Spanish dinner cooked and served on the tableWhen pairing food with wine, sweet and sour tastes fall neatly into the cancellation category, bitter and piquant are subject to the cumulative effect, and umami is best grouped with neutral pairings, but what about salt? In moderation, salt doesn’t seem to have any conspicuous consequence, but how does excessive saltiness in food affect the taste of wine? To learn how (or if) salt fits into the A. cancellation, B. cumulative or C. neutral categories, I invited some friends over for some organoleptic research. They quickly declined until I told them that meant we were going to eat and drink wine.

Good old fashioned research is difficult and time consuming but in the name of conscientious reporting the WASTED team (Wine Snark Academy for Sensory Testing, Evaluation & Debauchery) created a salty feast and drank five bottles of wine because that’s the kind sacrifice we’re willing to make in the name of, umm … science, yeah that’s it, science.

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The Neutral Effect In Food and Wine Pairing.

Chapter Nine, Part Seven.
Swiss army veg. Penknife has a vegetable for every occasion.

The impact of the chemical reactions taking place in your mouth when you combine food and wine can be very obvious when you’re experiencing the cancellation effect or the cumulative effect, but there’s another interaction between food and wine that’s just as rewarding, but much less pronounced. I call this subtle interplay the neutral effect. I realize that describing a food and wine pairing as neutral sounds sort of, well … neutral, but that doesn’t mean these combinations are boring. Neutral pairings occur when similar flavors come together in a safe, reassuring place, sort of like Switzerland.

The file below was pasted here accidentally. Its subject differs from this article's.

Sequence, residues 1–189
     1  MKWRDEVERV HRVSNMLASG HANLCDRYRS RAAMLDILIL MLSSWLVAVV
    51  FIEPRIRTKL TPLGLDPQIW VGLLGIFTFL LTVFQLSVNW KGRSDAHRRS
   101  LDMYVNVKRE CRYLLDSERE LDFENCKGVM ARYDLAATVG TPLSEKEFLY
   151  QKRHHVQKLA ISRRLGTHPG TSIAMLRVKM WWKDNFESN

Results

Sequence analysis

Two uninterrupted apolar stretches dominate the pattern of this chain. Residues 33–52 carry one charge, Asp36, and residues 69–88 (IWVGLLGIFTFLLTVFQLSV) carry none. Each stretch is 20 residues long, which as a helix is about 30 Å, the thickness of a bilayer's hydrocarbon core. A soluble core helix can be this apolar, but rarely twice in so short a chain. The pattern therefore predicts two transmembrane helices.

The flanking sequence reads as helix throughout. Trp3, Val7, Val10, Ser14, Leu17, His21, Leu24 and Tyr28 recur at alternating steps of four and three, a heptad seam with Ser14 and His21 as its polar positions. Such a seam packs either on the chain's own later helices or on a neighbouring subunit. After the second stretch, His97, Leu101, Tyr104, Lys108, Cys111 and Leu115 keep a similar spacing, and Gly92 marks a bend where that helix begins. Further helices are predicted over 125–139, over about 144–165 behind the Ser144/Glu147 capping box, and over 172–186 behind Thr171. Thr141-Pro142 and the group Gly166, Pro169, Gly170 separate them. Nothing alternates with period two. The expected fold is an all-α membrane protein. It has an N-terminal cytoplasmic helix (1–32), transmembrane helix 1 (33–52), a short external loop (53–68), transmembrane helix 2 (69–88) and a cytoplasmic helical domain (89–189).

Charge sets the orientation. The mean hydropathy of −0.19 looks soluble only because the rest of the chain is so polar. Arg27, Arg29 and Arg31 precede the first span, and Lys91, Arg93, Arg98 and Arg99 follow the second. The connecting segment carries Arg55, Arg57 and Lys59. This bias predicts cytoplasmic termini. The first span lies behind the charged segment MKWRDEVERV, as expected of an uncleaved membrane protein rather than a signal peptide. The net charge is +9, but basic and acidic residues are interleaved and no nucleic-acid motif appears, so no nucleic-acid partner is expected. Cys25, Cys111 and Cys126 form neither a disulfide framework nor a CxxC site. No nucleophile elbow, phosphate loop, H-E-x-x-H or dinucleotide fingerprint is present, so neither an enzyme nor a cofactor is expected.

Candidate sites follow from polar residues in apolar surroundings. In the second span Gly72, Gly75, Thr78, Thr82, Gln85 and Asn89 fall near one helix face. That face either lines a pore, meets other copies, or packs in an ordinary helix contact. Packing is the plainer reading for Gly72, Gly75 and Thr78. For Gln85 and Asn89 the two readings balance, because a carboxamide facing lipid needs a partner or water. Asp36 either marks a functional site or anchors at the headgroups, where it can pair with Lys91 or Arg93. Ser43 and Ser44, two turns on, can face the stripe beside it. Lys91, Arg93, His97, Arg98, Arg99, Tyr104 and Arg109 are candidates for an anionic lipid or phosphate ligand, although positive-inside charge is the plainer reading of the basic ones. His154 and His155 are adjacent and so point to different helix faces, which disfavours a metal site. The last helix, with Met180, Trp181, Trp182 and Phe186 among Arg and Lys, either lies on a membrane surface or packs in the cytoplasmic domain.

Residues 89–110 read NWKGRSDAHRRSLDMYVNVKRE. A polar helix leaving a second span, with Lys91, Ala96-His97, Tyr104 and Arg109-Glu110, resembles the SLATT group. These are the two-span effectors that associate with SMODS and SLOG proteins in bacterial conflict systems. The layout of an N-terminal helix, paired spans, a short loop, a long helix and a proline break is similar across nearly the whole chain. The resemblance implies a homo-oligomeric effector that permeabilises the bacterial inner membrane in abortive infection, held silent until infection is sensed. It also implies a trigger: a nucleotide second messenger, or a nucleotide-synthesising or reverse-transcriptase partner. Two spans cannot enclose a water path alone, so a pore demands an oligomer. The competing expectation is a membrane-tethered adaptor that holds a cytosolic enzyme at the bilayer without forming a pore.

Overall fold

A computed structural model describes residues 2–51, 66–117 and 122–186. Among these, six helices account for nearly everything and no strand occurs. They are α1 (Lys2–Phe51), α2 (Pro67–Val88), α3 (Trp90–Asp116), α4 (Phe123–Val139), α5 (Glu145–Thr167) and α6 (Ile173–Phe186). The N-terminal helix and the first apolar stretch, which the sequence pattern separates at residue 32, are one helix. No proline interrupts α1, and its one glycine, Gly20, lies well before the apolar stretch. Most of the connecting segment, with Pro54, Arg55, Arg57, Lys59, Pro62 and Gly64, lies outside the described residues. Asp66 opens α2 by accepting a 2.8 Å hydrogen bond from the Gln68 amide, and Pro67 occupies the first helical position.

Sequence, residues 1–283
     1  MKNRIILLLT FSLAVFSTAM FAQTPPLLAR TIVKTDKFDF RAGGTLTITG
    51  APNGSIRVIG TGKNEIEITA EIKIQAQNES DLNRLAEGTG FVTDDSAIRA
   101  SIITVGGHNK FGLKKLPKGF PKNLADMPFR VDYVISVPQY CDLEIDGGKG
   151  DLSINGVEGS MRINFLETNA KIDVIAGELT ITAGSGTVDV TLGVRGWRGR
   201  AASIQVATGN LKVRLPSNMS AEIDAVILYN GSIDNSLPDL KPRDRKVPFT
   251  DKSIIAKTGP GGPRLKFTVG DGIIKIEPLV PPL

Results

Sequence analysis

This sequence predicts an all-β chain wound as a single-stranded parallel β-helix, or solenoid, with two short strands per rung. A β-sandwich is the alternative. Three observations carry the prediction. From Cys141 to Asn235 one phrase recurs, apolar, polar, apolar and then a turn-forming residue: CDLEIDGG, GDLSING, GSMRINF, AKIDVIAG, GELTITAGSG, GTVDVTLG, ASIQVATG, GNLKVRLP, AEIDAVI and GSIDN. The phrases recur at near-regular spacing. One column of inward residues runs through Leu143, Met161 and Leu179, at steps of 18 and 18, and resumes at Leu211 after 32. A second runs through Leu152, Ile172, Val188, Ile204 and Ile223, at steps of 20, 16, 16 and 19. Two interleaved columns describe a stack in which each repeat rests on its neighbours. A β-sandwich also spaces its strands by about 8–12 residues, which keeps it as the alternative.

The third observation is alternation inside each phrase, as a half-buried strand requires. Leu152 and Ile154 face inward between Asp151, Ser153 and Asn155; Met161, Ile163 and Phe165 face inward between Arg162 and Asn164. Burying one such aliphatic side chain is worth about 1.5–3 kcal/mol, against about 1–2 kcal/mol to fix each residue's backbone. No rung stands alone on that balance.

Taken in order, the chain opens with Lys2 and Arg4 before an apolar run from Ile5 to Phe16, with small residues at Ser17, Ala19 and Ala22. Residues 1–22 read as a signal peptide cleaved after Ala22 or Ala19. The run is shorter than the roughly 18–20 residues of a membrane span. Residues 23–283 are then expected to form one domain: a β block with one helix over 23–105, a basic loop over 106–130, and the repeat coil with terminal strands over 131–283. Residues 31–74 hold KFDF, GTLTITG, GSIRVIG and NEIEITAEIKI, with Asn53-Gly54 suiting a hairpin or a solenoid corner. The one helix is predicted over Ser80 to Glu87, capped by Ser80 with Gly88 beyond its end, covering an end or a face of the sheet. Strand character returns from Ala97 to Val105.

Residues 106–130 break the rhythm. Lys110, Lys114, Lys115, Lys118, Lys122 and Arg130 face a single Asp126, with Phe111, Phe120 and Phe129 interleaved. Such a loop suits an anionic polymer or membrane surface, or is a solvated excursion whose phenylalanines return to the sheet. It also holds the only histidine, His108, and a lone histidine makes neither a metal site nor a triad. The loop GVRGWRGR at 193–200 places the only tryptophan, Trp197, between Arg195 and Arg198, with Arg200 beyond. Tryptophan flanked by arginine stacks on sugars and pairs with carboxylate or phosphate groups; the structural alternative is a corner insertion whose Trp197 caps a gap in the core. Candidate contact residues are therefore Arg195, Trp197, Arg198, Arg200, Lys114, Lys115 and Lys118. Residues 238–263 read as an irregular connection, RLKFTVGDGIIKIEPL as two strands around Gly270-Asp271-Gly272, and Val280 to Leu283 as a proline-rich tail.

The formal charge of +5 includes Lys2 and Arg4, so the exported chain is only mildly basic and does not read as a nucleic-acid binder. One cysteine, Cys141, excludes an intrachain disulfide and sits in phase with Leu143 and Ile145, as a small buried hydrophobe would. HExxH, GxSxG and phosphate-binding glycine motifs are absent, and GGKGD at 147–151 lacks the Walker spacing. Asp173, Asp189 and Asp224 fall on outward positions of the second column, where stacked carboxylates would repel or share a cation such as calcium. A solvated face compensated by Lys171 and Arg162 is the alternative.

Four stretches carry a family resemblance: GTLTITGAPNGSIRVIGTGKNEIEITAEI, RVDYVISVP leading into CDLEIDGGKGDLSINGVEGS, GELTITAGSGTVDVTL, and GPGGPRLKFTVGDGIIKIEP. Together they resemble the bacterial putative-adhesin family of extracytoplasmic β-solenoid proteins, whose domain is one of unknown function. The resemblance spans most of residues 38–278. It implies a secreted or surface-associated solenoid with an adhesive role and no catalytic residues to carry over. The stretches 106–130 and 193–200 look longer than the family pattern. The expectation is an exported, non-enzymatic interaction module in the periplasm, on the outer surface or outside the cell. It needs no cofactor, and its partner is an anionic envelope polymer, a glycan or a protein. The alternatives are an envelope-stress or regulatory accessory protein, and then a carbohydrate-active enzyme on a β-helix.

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The Cumulative Effect In Food And Wine Pairing.

Chapter Nine, Part Six.
tortellini with cream sauceWWhen pairing food with wine the cancellation effect works to your advantage once you understand how to balance the taste or texture of sweet and acidic food with similar traits in wine. While acidity and sweetness cancel each other out when combined on your palate, bitter and piquant sensations accumulate and magnify one another. The same can be said for pairing low acid foods with low acid wines so I’ll go ahead and say it; creamy or fatty traits do not cancel each other out; they accumulate on your palate (and also on your waistline). So after many years of deliberation I’ve decided to call this the cumulative effect.

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The Cancellation Effect In Food And Wine Pairing.

Chapter Nine, Part Five.
sole fishMatching food and wine by weight will put you in the ballpark when choosing the proper wine, but taste is the key to hitting an astronomic-gastronomic home run. Sweet, sour, salt, bitter, umami and piquance interact with one another in predictable ways and once you understand how these principles apply at your dining room table you’ll be able to create some major league food and wine combinations. I lump these interactions into three categories I call the cancellation effect, the cumulative effect, and the neutral effect.